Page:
What Page in the Search Results do People Click On?

December 3rd, 2009 by Richard Zwicky

What page in the search results do people click on, and depending on that, how many pageviews should you expect, and how long will they spend on your site?

Last year, I made a post on this blog about how deep in the search results do people actually go before they clicked through on a result. At that point I found that the percentage of traffic from page one of the search engine results pages (SERPs) was increasing over time. I finally had an opportunity to revisit that data, and decided to augment the data with two additional pieces of very valuable information to web marketers:

  • Do visitors from page 1 in the SERPs spend more time on websites?
  • Do visitors from page 1 in the SERPs view more pages on websites?

I’m going to post that information in separate posts, hopefully over the next few days. I’ll also be posting information showing how visitors using different browsers spend differing time on site, and don’t all view the same number of web pages. Time permitting, I’ll also post how that’s true of visitors from different search engines, and dependent on the number of keywords they use in queries. For example if someone visits your site from a search engine and they used just one keyword to search, will they spend more time and view more pages than someone who used two keywords?

First off, the information about how your placement within the search results pages affects your visitor counts. The percentage of traffic from page one in the SERPs has continued to grow steadily, to the point now that if your website is not listed on page one of the search results, your business may as well be invisible. Remember, it’s not that you need to be found on page 1 for your brand name, although that’s useful, you absolutely need to be found on page 1 of the SERPs for terms which your customers are using to find your type of service / product / information.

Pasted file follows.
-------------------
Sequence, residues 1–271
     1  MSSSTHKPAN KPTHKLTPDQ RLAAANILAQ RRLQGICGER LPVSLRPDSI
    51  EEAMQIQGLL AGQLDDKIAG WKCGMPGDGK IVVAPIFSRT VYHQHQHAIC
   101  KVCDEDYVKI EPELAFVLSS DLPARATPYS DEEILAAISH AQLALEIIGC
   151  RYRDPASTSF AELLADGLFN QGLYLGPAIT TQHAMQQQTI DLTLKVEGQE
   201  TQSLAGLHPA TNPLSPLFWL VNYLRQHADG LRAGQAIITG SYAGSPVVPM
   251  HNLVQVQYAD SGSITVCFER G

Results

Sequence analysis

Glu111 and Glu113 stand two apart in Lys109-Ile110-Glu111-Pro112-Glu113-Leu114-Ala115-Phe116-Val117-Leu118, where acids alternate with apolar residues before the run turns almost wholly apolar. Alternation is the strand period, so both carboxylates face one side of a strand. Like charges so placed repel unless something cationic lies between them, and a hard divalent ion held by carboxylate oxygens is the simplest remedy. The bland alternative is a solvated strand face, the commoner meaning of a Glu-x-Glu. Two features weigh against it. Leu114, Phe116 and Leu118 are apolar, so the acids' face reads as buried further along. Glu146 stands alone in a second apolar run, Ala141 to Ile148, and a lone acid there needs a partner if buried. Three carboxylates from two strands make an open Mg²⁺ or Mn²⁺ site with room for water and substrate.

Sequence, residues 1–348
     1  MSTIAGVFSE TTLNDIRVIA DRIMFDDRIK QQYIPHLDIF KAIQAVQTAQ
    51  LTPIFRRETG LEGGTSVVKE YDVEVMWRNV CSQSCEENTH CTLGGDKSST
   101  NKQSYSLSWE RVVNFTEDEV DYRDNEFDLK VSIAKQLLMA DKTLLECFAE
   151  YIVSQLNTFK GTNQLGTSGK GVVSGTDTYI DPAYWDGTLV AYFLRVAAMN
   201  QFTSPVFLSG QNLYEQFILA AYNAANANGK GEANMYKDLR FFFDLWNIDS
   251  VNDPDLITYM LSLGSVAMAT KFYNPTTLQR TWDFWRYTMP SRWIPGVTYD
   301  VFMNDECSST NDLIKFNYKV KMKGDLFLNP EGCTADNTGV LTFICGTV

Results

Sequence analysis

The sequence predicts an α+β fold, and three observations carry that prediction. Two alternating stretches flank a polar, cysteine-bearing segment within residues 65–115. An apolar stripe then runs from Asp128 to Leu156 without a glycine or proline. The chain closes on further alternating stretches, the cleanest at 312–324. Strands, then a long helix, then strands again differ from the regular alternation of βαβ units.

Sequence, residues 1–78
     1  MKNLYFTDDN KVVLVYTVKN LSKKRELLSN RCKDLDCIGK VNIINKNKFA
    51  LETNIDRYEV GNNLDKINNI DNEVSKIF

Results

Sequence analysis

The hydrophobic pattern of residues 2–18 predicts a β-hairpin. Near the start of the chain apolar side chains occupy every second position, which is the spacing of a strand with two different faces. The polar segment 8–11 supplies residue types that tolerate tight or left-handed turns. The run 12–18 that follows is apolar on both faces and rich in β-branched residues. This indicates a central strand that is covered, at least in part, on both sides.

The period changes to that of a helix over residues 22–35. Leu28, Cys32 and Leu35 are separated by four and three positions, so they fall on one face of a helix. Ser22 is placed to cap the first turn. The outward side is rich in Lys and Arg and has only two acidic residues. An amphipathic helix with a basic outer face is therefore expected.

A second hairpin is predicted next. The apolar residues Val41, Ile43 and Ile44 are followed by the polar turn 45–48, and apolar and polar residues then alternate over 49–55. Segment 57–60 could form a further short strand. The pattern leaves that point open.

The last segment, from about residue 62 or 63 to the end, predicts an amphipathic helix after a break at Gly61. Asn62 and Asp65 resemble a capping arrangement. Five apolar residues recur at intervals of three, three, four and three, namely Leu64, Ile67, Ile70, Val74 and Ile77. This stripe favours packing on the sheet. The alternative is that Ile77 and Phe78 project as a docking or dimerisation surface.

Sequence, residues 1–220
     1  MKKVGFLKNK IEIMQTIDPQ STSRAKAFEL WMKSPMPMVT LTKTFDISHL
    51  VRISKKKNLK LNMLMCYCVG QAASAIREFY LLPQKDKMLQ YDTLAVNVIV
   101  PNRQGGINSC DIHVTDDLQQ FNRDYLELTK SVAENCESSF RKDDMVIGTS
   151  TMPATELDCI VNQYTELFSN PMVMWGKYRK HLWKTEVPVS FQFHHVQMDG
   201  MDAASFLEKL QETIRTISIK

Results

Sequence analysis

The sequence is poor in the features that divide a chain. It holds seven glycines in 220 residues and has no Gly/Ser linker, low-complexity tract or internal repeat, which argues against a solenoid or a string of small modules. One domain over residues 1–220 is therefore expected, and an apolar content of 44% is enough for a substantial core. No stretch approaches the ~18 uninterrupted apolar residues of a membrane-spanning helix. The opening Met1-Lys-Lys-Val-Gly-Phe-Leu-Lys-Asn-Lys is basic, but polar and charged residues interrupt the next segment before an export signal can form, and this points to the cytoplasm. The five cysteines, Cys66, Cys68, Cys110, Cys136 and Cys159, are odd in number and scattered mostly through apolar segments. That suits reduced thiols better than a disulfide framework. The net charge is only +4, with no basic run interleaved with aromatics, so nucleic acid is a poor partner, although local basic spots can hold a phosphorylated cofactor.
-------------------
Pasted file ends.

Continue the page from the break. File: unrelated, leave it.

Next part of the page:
What page in the search results do visitors visit your site from?
Please note there’s a gap in months, historical data is there to show the trend.

From this graphic, it’s obvious to anyone that if you’re not on page 1 in the search results, you won’t see much traffic. There’s still value to page 2, but it’s an ever shrinking fraction of page one referral traffic.

Of course, the data for the table is included here:

2007-04 2007-05 2007-06 2007-07 2007-08 2007-09
Page 1
85.50% 86.03% 87.18% 87.79% 88.07% 88.40%
Page 2
7.61% 7.52% 6.90% 6.52% 6.47% 6.44%
Page 3
2.84% 2.71% 2.48% 2.35% 2.28% 2.21%
Page 4
1.30% 1.19% 1.09% 1.04% 1.00% 0.92%
Page 5
0.82% 0.75% 0.69% 0.66% 0.64% 0.58%
2007-10 2007-11 2007-12 2008-01 2008-02 2008-03
Page 1
88.42% 88.47% 88.81% 88.90% 88.78% 89.71%
Page 2
6.47% 6.44% 6.23% 6.19% 6.39% 5.93%
Page 3
2.20% 2.16% 2.05% 2.06% 2.04% 1.85%
Page 4
0.92% 0.91% 0.89% 0.88% 0.87% 0.78%
Page 5
0.57% 0.57% 0.55% 0.55% 0.54% 0.46%
2009-10 2009-11
Page 1
95.24% 95.80%
Page 2
2.75% 2.44%
Page 3
0.86% 0.75%
Page 4
0.39% 0.34%
Page 5
0.22% 0.20%

Enquisite collects data from a network of web sites distributed globally. The data used in this reports represents web sites distributed globally, and reflects click through activity data.